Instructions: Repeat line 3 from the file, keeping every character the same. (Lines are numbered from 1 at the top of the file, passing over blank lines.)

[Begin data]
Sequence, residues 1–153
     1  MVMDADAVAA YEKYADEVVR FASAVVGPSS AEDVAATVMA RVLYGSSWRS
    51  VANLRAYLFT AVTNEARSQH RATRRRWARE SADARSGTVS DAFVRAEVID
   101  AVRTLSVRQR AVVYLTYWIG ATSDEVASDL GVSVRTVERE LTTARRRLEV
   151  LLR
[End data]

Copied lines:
    51  VANLRAYLFT AVTNEARSQH RATRRRWARE SADARSGTVS DAFVRAEVID